@

TWINS
De Aza, CF Dozier, 2B
Ramirez, Al, SS Mauer, C
Rios, RF Willingham, LF
Viciedo, DH Morneau, 1B
Dunn, A, 1B Doumit, DH
Keppinger, 3B Plouffe, 3B
Wells, C, LF Arcia, RF
Flowers, C Hicks, CF
Greene, 2B Florimon, SS
_  Santiago, H, P Hernandez, P, P
1 2 3 4 5 6 7 8 9 R H E
Baltimore 2 1 1 0 1 1 0 0 0 6 11 0
Minnesota 0 0 0 0 0 0 0 0 0 0 8 1

If there’s one thing more fun than watching the Twins beat the White Sox 10-3, it’s watching the Twins beat the White Sox 10-3 and listening to Hawk Harrelson explain why it’s happening (the Sox “gave” the Twins 7 of their 10 runs).

Tonight was hopefully Aaron Hicks’ breakout performance. He hit two home runs and stole a home run from Adam Dunn by snaring the ball as it sailed over the center field wall. He even got a curtain call from the fans after his second dinger. It really was great to see Hicks smile out there on the field. Let’s home this helped cleanse him of some of the tension he had to be feeling after his struggles thus far and we’ll start seeing more of this kind of thing going forward.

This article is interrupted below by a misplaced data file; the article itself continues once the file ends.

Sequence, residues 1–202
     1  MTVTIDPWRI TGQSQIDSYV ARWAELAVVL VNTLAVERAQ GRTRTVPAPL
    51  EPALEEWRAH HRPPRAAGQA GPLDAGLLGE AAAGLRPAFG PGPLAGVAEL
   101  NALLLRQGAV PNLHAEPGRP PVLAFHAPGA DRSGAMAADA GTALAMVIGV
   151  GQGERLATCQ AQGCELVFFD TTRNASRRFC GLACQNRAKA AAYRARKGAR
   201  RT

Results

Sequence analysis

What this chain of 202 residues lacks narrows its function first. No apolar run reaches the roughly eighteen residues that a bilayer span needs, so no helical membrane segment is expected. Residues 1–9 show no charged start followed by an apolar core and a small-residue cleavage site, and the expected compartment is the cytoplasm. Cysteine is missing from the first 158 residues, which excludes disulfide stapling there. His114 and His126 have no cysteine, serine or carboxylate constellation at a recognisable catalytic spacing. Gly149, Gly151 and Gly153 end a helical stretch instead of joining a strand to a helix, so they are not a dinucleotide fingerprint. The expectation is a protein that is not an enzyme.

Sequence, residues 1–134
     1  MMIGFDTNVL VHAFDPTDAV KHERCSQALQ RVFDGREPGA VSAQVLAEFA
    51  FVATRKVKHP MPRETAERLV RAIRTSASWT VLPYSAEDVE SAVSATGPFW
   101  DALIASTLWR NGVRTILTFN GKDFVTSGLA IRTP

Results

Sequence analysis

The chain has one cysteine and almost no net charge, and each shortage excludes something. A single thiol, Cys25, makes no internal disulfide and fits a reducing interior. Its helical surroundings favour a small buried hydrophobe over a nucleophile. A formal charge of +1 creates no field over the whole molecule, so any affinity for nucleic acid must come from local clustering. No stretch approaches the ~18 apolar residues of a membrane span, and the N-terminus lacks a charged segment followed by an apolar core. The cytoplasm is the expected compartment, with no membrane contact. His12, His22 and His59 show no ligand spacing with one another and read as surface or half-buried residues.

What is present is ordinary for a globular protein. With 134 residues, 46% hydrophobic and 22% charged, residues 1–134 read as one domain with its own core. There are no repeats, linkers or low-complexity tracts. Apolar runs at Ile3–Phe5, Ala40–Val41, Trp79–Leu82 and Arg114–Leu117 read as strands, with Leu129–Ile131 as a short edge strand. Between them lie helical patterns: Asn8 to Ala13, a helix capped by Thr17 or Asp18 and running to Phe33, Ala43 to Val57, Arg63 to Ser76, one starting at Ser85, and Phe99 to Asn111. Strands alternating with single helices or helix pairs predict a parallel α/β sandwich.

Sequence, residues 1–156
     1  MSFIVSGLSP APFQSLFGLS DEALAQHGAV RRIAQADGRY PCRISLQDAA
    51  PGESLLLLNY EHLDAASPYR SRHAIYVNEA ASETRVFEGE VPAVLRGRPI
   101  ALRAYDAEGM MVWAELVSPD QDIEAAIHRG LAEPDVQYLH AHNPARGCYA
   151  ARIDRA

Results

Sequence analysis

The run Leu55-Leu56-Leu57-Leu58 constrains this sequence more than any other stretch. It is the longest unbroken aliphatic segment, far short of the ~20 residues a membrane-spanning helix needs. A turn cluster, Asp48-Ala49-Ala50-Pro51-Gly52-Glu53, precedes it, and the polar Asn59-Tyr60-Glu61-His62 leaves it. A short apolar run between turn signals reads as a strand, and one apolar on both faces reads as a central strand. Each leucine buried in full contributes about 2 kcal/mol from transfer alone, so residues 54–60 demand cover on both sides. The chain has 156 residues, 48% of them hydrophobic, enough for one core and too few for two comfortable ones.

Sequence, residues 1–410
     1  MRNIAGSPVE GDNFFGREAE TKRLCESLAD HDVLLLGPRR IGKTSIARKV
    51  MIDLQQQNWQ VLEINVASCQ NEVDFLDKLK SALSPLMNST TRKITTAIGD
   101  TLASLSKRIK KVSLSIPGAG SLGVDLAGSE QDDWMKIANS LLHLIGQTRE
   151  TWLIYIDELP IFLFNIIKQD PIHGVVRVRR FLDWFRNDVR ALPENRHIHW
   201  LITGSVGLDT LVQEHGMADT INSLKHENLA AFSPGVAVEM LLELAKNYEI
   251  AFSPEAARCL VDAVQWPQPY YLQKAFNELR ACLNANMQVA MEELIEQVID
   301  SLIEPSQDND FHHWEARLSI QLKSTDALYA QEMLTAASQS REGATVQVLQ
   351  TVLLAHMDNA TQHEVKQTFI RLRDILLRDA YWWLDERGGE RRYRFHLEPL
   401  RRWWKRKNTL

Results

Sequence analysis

There were plenty of other solid performances from the Twins, including solid pitching from all involved and a fine night at the plate from Justin Morneau, but there can be only one choice as our BOD. That would be you, Mr. Hick. Keep up the good work!

AaronHicks

Minnesota Twins Podcast – Talk to Contact – Episode 32

Episode 32 of the Twins baseball podcast,  Talk To Contact (@TalkToContact), is now available for download via iTunes or by clicking here.

itunes pic

This week Cody and Eric forge ahead without Paul who is now out to sea with the United States Coast Guard.  The two of them talked about the first place Minnesota Twins, surprisingly decent starting pitching, and the hitter (Justin Morneau) and pitcher (Kevin Correia) of the week.  After a quick run down of Twins news from the first week of games Eric and Cody are joined by Andrew Walter, the Twins Fan from Afar.  Following a quick break Cody and Eric go Down on the Pond, talk about beer, and take a look around the league.  Join us for an enjoyable 90 minutes of Twins talk.

If you enjoy our podcast, please take a couple extra minutes and rate and review us on iTunes (ratings and reviews have magical iTunes powers, which help Wilkin Ramirez get playing time).